chafing dishes setup for a wedding reception

Plated Meal vs. Buffets At Indian Weddings

Plated Meals vs. Buffets at Indian Weddings is a detailed guide that explains the pros, cons, and overall budget impact of these two meal styles. Plated meals are elegant in that they’re served to you at the table. And as you plan your Indian wedding you might have thought about doing a plated dinner – after all it’s also different from the buffets that everyone else does.

There are a few reasons why most Indian weddings are buffets:

  1. Several Food Items: Indian food is not conducive to being pre-portioned. Unlike a lot of other cuisines, Indian cuisine is all about the variety and number of items.
  2. Variety of Cuisine: In Indian food there are dry and wet sabzis and curries, requiring a variety of tableware.
  3. People Enjoy Selection: Indian people like being able to select what they want and don’t want. This is particularly important for guests with dietary restrictions.

{Venue Considerations}

Due to liability issues outside caterers are not allowed to use the venue’s kitchen*.

Caterers setup what’s called a satellite kitchen and pre-prep most of the food and bring it to the venue. Often, the only thing they’re actually cooking on-site is the naan.

*There are exceptions. Some venues have more than 1 kitchen, some venues rent their space with kitchen access. In general hotels and resorts do not allow outside caterers to use their kitchen. FYI: we have the info about which venues allow kitchen access and which don’t, on every venue profile on ShaadiShop.

{Venue Pricing Based on a Buffet}

Most venue outside catering packages are based on serving buffet meals. Venues do offer plated meal service but those prices are different as there’s a lot more labor involved and the costs will increase.

{My Personal Experience}

The only time I’ve seen a plated dinner semi-work at an Indian wedding reception was when all of the food served was vegetarian. I say “semi-worked” because there was serious lag time in the service. How it works below.

{How Plated Meals Are Served
at an Indian Wedding}

  • First, guests are served their “mains plate” – that is all of curries.
  • The naan is served family style and brought out to each table after all of the main plates are served….so about 15 minutes later.

The issue with this is there’s a pretty big lag between the two – about 15 minutes. And no wonder – the average Indian wedding has 350 guests and for plated meals there are typically two servers per 30 guests. It takes time to serve all of those plates!

In my opinion, if you’re going through the trouble of serving a plated meal then pay more to have one server per table. By the time the naan arrived at the table, people were well into their meal.

{Dietary Restrictions and Plated Meals}

Sorting out vegetarian vs. non-vegetarian at an Indian wedding may be a bit challenging. There are two ways to deal with this:

Work with your caterer and the venue’s serving staff to pre-inform them about where the vegetarian guests are seated, since you’ll have the seating chart. But, the the seating chart is its own challenge and invariably gets altered the week of the wedding. So…be sure you want to take on the added logistics of sorting out where people with dietary restrictions are seated. Ask your friends who’ve gotten married about their seating chart and how close to the wedding date they were altering it.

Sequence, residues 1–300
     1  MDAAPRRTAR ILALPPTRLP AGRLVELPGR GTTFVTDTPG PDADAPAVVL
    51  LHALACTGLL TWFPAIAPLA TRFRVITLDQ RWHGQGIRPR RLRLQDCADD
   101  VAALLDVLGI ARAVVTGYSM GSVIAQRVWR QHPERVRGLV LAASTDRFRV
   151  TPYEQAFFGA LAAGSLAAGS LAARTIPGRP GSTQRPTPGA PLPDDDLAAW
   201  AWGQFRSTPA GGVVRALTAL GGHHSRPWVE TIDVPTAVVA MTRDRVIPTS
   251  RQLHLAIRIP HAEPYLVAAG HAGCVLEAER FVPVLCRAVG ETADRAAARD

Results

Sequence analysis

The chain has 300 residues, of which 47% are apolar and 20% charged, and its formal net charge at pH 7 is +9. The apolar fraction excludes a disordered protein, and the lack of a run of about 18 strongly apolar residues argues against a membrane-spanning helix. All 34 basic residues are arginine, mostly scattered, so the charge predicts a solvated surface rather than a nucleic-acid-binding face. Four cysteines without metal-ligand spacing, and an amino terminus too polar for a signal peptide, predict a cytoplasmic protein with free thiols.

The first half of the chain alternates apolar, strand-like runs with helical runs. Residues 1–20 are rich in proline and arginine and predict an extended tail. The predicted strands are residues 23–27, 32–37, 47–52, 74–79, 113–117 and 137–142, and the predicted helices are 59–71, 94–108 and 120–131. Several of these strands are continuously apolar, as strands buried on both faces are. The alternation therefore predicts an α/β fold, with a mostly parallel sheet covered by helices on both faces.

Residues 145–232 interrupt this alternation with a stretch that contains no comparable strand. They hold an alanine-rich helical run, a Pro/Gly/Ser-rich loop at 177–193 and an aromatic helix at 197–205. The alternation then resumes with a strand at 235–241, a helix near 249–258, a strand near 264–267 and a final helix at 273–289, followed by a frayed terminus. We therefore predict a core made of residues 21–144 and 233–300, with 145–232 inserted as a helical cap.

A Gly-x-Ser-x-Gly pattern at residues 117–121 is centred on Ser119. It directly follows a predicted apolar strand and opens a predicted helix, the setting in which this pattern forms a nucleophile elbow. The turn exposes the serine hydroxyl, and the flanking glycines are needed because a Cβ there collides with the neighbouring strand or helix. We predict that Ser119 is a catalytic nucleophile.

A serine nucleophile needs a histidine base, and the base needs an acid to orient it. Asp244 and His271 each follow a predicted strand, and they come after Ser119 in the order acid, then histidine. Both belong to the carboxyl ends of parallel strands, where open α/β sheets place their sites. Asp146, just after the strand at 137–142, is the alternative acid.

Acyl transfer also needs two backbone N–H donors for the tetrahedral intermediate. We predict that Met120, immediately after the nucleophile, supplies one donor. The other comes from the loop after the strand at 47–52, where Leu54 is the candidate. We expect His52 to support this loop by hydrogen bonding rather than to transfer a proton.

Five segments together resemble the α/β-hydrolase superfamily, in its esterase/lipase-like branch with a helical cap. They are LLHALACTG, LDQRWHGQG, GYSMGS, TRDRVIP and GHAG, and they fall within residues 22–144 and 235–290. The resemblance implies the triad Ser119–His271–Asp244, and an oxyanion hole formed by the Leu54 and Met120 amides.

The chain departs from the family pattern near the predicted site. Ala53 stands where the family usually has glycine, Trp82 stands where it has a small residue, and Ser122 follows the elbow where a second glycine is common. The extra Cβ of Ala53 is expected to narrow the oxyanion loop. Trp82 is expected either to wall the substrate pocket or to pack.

Have guests request the vegetarian option on the spot. The downside is the vegetarian person at the table will likely receive his/her food much later than everyone else at that same table. This is not a great experience for guests and is what people are accustomed to for work events but not for weddings.

{Bottomline on Plated Meals at Indian Weddings}

  • Can be done
  • Costs more
  • Requires more of your time due to more logistics and planning required

{Family Style Meals at Indian Weddings}

Naturally once couples and their families start thinking about plated meals then family style also comes into question. Family style is not recommended for an Indian wedding. Think about serving anywhere from 35 to 50 tables with 10 serving dishes, EACH.

Furthermore those dishes are going in the middle of table, reducing real estate for your centerpieces.

And it’s just not a great experience for guests to pass around the dishes to each other. Now to mention other challenges:

  • How often are dishes replenished?
  • How do you organize around dietary restrictions?

{Take Aways}

Plated Meals vs. Buffets at Indian Weddings describes the pros, cons and overall impact of these two meal styles. There are reasons why most Indian weddings are buffets. Still, it’s hard not to wonder what the alternative options are. Since many couples contemplate a plated meal at least once throughout their planning process we wanted to share some thoughts about this to better educate you.

Plated meals are elegant and not common at Indian weddings and if you can work out the logistics detailed above then go for it!

Family style is a no-go (no offense to anyone whose had a family style Indian wedding).

Our objective is to educate couples, so they can make informed decisions to shape their ideal wedding day.

Congratulations on your upcoming wedding! 🙂

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Cover image: Lin & Jirsa Photography




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